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How The CIA Overthrew Iran's Democracy In 4 Days

The first episode of NPR's new history podcast tells the story of a 1953 coup that set the stage for US-Middle East relations ever since.
On Aug. 19, 2013, the CIA publicly admitted for the first time its involvement in the 1953 coup against Iran's elected Prime Minister Mohammad Mossadegh.

The documents provided details of the CIA's plan at the time, which was led by senior officer Kermit Roosevelt Jr., the grandson of U.S. President Theodore Roosevelt. Over the course of four days in August 1953, Roosevelt would orchestrate not one, but two attempts to destabilize the government of Iran, forever changing the relationship between the country and the U.S. In this episode, we go back to retrace what happened in the inaugural episode of NPR's new history podcast, Throughline.

Mohammad Mossadegh was a beloved figure in Iran. During his tenure, he introduced a range of social and economic policies, the most significant being the nationalization of the Iranian oil industry. Great Britain had controlled Iran's oil for decades through the Anglo-Iranian Oil Co. After months of talks the prime minister broke off negotiations and denied the British any further involvement in Iran's oil industry. Britain then appealed to the United States for help, which eventually led the CIA to orchestrate the overthrow of Mossadegh and restore power to Mohammad Reza Pahlavi, the last Shah of Iran.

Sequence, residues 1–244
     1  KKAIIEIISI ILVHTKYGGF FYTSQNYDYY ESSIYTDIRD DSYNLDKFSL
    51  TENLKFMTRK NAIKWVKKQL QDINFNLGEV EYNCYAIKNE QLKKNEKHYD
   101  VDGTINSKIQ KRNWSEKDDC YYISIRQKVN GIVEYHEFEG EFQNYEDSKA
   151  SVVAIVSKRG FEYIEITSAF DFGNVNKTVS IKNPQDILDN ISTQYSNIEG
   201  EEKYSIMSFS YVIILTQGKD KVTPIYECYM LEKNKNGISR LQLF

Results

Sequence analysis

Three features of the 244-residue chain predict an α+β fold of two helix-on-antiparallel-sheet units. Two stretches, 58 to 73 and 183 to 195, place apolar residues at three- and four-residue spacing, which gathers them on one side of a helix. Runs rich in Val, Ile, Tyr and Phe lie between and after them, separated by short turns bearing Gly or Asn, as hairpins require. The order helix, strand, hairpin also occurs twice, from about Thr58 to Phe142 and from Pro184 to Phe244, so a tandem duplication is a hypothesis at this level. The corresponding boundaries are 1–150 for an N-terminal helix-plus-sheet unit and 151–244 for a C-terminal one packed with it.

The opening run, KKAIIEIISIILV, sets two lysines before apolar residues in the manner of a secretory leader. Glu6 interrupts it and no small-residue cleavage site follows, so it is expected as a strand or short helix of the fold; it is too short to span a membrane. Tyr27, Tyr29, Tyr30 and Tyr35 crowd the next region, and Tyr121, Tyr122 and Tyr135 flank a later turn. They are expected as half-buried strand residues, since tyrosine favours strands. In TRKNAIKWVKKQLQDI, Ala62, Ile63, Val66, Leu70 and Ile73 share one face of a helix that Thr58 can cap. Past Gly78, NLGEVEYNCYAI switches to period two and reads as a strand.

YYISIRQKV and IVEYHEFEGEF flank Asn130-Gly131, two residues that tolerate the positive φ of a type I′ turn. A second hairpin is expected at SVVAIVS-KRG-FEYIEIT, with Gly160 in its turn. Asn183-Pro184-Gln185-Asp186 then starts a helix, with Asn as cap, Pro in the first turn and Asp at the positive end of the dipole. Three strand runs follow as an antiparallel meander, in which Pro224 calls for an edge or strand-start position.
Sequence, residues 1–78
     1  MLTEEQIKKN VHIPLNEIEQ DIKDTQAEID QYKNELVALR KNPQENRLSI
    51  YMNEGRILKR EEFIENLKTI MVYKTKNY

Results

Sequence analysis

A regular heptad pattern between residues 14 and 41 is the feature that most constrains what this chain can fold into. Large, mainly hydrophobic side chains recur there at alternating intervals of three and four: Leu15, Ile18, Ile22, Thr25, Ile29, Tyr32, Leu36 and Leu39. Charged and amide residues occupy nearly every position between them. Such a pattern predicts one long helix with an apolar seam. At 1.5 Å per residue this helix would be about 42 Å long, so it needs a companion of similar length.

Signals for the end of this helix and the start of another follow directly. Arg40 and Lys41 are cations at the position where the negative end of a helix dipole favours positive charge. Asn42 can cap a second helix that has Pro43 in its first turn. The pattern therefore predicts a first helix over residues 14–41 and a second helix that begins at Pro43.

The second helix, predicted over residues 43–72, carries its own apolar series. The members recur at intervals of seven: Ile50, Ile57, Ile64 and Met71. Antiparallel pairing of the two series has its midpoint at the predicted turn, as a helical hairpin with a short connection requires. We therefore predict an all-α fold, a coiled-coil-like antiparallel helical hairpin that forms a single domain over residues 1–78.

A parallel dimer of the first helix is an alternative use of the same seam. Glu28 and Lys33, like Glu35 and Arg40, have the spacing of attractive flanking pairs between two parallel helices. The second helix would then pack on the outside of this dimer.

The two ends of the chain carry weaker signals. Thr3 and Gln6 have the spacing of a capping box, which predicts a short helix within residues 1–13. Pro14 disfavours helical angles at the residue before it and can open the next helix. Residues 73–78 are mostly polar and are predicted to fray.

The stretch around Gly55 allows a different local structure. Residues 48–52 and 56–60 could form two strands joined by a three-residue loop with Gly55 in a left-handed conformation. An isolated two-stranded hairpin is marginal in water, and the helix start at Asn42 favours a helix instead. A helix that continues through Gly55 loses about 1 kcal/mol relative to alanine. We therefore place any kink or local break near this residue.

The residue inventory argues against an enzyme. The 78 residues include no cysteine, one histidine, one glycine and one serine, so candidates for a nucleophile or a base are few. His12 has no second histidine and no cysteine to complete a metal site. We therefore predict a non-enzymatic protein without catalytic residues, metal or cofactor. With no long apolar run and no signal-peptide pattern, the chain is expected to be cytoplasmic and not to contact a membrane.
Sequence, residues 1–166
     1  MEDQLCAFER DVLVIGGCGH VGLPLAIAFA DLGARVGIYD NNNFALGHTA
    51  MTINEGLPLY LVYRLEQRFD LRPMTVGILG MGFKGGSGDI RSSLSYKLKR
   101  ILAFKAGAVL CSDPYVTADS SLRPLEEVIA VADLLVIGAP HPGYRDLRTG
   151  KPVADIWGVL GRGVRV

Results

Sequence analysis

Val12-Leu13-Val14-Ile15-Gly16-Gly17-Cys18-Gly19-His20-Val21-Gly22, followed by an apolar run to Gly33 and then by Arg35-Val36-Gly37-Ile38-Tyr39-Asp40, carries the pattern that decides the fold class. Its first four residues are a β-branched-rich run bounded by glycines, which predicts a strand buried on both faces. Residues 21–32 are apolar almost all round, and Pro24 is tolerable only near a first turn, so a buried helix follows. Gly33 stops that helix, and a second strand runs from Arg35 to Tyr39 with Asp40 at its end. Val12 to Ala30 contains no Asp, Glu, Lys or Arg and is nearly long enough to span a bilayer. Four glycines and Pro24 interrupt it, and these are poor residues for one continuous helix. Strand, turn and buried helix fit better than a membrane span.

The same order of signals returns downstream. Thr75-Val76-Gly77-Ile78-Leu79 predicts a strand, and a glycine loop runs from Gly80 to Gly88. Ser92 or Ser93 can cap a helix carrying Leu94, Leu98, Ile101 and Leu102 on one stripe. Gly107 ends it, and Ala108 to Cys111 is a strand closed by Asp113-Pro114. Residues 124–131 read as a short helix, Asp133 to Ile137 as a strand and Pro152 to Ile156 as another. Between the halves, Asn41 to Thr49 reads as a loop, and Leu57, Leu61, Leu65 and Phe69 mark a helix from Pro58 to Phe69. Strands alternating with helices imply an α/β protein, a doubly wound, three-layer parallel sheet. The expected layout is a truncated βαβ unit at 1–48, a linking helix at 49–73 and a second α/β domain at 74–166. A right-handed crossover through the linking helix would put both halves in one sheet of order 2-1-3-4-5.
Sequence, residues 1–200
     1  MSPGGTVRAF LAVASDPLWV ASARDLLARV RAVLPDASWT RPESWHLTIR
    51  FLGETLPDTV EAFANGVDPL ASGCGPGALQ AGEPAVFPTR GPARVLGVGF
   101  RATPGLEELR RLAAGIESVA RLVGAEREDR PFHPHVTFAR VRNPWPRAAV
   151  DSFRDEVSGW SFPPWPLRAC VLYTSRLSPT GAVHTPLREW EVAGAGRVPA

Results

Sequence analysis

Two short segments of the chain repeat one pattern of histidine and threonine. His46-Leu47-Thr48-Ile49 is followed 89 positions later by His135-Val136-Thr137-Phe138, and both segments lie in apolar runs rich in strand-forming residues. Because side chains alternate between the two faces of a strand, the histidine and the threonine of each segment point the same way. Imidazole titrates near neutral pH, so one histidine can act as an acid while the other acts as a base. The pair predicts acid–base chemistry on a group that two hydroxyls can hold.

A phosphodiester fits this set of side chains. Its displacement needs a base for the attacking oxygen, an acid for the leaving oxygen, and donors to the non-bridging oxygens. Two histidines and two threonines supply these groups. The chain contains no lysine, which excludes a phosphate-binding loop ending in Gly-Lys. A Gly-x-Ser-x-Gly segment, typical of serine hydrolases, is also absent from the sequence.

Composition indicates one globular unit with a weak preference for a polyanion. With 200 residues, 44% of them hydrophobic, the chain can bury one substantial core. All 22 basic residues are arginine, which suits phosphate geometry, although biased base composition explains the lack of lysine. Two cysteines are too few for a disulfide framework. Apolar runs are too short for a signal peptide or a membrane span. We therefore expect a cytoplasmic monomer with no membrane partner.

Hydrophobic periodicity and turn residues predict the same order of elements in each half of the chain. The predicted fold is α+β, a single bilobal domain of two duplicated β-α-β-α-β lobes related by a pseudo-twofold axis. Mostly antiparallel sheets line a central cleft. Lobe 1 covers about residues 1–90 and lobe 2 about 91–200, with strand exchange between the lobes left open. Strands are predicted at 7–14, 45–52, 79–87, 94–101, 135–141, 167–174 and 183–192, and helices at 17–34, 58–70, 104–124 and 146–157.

According to Stephen Kinzer, author of the book All the Shah's Men, Roosevelt quickly seized control of the Iranian press by buying them off with bribes and circulating anti-Mossadegh propaganda. He recruited allies among the Islamic clergy, and he convinced the shah that Mossadegh was a threat. The last step entailed a dramatic attempt to apprehend Mossadegh at his house in the middle of the night. But the coup failed. Mossadegh learned of it and fought back. The next morning, he announced victory over the radio.
 
Mossadegh thought he was in the clear, but Roosevelt hadn't given up. He orchestrated a second coup, which succeeded. Mossadegh was placed on trial and spent his life under house arrest. The shah returned to power and ruled for another 25 years until the 1979 Iranian Revolution. The 1953 coup was later invoked by students and the political class in Iran as a justification for overthrowing the shah.
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